Once when I was working for a large enterprise, we where taken to an off-site team building program. We where divided into groups of 5 and the group had a task of creating 5 squares out of paper cuttings of different shapes and sizes. Each team-player got a few pieces and the rules where:
- No talking
- You can only give a piece (no taking)
- The game ends when every player has a complete square
The trick in this session was that one team-player got just the right amount of pieces to make a rectangle, that team-player would finish his rectangle and then just leave the game feeling that he finished his part. In may cases the team-player would physically leave and go have a coffee or just to chat with other ‘rectangle’ team-players (normally boasting how they finished first not even considering the fact the they don’t have a square but a rectangle).
The point is that the team as a whole cannot finish its task. In order for every team-player to have a square the rectangle must be dismantled by the ‘rectangle’ team-player (as no-one can take any piece only give) and give away some of his pieces. It normally takes the team a few minutes to understand this but as they cannot talk between each other – they are in a deadlock. The ‘rectangle’ team player is sure that he has finished the task and has switched off, no one is allowed to talk or touch his pieces and most of the time the ‘rectangle’ team player is no where to be found. (Bonus: How can you break this deadlock)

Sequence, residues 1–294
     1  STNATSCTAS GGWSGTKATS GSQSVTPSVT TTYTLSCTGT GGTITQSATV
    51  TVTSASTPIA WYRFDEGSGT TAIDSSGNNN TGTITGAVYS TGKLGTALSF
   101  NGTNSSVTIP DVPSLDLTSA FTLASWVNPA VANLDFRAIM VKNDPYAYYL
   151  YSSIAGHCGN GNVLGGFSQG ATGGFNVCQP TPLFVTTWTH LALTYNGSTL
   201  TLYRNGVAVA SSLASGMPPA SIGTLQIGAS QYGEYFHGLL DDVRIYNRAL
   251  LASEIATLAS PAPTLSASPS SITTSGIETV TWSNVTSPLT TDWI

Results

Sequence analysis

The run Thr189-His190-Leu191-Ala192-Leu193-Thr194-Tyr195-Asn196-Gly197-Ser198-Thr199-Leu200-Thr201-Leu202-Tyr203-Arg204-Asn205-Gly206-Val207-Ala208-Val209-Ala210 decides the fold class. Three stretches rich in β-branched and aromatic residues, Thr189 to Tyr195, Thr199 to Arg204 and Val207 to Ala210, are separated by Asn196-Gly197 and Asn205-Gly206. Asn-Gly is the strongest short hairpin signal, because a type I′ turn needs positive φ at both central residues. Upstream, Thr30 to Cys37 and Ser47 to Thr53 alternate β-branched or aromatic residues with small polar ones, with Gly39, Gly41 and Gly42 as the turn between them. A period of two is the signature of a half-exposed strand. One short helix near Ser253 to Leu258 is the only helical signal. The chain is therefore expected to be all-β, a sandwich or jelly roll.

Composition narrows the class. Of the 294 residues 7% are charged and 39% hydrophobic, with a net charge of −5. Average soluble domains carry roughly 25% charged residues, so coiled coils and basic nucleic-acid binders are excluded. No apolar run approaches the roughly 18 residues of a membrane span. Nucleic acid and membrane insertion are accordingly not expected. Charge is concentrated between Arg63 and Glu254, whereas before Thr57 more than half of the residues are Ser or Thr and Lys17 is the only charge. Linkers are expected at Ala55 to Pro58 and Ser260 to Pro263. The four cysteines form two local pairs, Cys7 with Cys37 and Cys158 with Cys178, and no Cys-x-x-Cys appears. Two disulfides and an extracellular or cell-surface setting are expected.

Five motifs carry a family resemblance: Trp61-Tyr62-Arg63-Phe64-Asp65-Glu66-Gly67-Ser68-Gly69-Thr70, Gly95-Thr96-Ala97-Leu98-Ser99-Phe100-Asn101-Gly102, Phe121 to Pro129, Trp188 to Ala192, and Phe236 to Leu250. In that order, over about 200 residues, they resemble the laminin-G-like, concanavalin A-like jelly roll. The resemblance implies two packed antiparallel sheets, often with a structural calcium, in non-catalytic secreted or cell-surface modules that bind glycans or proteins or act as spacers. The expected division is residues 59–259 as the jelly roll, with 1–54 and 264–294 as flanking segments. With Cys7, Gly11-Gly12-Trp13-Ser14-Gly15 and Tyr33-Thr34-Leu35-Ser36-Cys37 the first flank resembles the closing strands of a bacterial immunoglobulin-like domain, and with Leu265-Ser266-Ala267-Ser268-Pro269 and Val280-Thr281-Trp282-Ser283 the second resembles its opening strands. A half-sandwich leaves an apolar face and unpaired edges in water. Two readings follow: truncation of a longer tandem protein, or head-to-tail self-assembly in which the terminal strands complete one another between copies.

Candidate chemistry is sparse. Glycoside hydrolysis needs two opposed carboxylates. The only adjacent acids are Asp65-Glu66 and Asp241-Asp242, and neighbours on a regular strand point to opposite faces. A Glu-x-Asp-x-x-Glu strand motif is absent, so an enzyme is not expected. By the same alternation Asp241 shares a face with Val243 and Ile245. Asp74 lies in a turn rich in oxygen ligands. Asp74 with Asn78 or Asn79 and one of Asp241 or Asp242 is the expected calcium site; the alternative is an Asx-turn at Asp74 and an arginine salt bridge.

The lesson learnt is that although you think that you have done your job – it might not help the team as a whole to complete their job, you might even delay them!
Although one development team are sure that by using the best process (Agile) they have done there job, they might be delaying the rest of the teams and the company as a whole.
The solution is in Communication. More about that later.